I have same SB 9, same reversing cursing lever for leadscrew, just a tad slower. Also a 3 ft, which is pretty short around 22 inches work length.
    I've actually seen guys use a straight cut spur gear, they just tilt the housing a bit. Not original, but effective. My main issue would be getting up some kind of powered spindle to move with the carriage, using the lathe spindle for indexing. There are companies that manufacture gears in the form of long, splined bar stock -- just saw off the thickness of gear that you need and bore it out.

    I just saw an NOS SB9 thread dial on eBay with the original box and everything.... bidding was starting at $250. If I can sell reproductions at half that, and still break even, I would be happy.

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  • 754
    replied
    Should be able to make the gear on a tilted Dividing head. I made a 7/8 or so one for a Cadillac power window drive..
    I have same SB 9, same reversing cursing lever for leadscrew, just a tad slower. Also a 3 ft, which is pretty short around 22 inches work length.
    but I have no gears , no gearbox, no 4 way. Tried to make a few parts last year, like 6 pieces.. and I gotta say, I need a 4way index tool post and a carriage handwhhel dial, or long travel indicator to make anything in like 6 or 8 pieces. I got spoiled running my big modern lathe , but it has not been under power the last few years.

    Leave a comment:


  • nickel-city-fab
    replied
    Originally posted by mattthemuppet View Post
    I remember reading on another forum that someone got an SB9 (or maybe 10) threading dial printed for him. Didn't last, but would be a good candidate for lost PLA casting - maybe Dan Dubeau would like that as a casting project. Just get some car batteries and you could do it in lead
    I'm actually considering making them on the side and offering them for sale. Casting the housings out of Aluminum and making the gears out of brass. The gears are hard to find, you need a 24 pitch 32-tooth gear with a very wide face like 1/2"

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  • mattthemuppet
    replied
    I remember reading on another forum that someone got an SB9 (or maybe 10) threading dial printed for him. Didn't last, but would be a good candidate for lost PLA casting - maybe Dan Dubeau would like that as a casting project. Just get some car batteries and you could do it in lead

    Leave a comment:


  • nickel-city-fab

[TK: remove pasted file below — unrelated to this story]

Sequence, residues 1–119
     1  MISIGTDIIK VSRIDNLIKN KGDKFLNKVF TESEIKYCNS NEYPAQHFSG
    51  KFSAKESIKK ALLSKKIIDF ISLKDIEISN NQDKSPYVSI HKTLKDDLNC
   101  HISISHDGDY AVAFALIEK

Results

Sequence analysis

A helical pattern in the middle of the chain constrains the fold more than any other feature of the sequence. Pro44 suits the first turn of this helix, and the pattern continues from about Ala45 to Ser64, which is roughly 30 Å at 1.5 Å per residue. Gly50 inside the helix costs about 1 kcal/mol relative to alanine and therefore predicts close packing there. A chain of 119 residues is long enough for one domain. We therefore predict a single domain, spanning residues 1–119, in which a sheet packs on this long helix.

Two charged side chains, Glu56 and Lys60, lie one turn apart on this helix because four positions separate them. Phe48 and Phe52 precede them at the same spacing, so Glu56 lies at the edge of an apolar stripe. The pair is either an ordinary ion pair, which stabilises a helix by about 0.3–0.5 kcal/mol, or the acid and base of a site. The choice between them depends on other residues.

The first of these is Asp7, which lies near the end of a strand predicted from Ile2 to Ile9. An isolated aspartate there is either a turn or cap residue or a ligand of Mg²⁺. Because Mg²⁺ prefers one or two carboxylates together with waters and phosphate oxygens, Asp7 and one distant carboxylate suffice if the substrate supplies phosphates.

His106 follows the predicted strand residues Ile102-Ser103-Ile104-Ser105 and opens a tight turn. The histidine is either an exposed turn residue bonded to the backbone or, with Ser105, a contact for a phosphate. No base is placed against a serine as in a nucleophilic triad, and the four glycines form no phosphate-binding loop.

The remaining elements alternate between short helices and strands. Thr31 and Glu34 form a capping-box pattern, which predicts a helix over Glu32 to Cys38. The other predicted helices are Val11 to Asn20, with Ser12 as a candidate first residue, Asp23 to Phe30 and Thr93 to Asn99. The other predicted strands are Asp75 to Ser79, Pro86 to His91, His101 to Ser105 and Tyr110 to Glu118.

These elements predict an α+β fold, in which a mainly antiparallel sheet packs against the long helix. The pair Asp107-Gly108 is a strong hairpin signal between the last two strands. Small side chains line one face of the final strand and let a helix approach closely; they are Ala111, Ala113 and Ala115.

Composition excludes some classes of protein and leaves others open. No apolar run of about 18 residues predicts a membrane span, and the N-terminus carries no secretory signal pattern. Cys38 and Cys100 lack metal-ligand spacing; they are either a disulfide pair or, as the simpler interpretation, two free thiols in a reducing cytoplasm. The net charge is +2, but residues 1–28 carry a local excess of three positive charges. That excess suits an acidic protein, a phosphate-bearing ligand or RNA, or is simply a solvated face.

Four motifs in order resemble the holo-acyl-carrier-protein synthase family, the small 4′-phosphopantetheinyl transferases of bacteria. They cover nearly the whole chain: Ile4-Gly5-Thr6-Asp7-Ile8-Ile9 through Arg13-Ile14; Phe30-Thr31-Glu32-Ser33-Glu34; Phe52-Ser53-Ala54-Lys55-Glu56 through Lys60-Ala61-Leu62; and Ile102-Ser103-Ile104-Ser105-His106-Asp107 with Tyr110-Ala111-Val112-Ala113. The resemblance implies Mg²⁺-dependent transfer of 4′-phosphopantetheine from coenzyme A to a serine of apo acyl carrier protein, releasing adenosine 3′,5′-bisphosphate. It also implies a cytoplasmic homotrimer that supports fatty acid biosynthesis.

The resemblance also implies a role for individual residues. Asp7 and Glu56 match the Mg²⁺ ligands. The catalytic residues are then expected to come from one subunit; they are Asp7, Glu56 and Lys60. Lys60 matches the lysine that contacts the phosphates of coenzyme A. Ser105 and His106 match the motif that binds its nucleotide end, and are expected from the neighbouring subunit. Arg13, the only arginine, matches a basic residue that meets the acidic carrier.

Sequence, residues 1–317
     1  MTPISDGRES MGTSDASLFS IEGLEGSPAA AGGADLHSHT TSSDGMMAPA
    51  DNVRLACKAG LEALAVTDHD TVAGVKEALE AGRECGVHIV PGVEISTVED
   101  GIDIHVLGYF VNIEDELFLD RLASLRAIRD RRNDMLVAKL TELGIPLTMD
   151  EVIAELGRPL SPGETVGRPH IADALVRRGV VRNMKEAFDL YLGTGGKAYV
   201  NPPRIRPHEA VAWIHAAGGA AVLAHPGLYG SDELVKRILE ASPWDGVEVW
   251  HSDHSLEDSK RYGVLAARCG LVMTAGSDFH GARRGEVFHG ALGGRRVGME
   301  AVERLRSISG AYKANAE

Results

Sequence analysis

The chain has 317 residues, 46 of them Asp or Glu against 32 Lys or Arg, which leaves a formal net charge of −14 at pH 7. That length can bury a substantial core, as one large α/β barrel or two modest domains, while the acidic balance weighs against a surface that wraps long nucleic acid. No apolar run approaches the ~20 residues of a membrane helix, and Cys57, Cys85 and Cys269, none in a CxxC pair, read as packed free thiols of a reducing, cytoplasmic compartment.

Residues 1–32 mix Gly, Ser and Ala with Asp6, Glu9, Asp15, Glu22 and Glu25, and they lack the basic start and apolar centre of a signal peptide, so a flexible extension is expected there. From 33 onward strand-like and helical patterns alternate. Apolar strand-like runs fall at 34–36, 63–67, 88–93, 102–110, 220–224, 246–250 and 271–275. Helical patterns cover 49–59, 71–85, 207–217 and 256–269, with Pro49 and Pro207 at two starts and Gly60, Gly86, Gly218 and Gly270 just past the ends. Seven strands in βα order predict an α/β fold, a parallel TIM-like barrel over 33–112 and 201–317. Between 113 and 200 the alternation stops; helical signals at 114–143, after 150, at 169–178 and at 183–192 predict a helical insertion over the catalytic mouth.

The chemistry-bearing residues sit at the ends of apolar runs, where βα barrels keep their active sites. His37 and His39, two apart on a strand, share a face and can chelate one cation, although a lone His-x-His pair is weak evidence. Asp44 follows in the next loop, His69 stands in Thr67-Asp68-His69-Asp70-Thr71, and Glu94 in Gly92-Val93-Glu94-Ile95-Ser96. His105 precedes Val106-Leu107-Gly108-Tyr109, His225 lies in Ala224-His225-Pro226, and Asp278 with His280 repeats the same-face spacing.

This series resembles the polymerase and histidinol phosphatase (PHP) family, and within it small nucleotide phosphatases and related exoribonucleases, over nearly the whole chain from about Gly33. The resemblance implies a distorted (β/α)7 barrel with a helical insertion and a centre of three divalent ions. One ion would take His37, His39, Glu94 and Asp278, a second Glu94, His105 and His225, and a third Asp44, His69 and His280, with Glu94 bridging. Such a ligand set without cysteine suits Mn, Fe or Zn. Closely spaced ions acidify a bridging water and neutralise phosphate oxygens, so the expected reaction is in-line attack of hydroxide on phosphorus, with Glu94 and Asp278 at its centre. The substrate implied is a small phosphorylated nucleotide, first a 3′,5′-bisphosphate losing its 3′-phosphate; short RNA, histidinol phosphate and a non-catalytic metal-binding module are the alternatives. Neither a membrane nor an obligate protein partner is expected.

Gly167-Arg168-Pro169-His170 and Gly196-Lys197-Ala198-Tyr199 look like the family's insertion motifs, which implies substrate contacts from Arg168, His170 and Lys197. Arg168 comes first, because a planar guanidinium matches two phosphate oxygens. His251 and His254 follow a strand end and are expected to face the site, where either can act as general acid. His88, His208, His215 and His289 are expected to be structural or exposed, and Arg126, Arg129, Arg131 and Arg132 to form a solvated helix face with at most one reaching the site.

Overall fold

replied
    Originally posted by old mart View Post
    I assume your SB9 has a 1 1/2" 8 spindle thread, just remember that when you think of reverse, it is not bolt up like the 7 x 10.
    Oh, I'm quite aware of that, it's not the D1 chucks that I'm used to. I hate to strain such an old machine, so I very rarely (almost never) use reverse anyway. One thing I learned quickly tho is that the 3-jaw weighs more than it looks! My fingers took the abuse (OUCH)..... since then I set a piece of wood across the ways.

    I'm looking for some way to get a thread dial on it since I mostly work Imperial, but prices on South Bends are insane. So believe it or not I was shopping eBay UK for Boxford thread dials -- even with the shipping they would be far cheaper than the US part. I need something with 32 teeth, 24 pitch for a 3/4-8 lead screw.
    Last edited by nickel-city-fab; 05-21-2020, 05:48 PM.

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  • old mart
    replied
    I assume your SB9 has a 1 1/2" 8 spindle thread, just remember that when you think of reverse, it is not bolt up like the 7 x 10. The Atlas 12 x 24 which we are doing up to sell at the museum didn't have a decent chuck, so I have donated a 160mm chuck. The reason I want that one on the Atlas is because it only has inside and soft jaws, but it is in new condition. I was never able to find any outside jaws. I bought a CI backplate blank and threaded it 1 1/2 x 8, the same as yours. While I was doing it, I bored the chuck body slightly bigger to about 1.7", and now, a drawbar with a 1.65" end will fit and stop the chuck unscrewing when in reverse. The downside of that mod is the loss of the spindle bore.

    Leave a comment: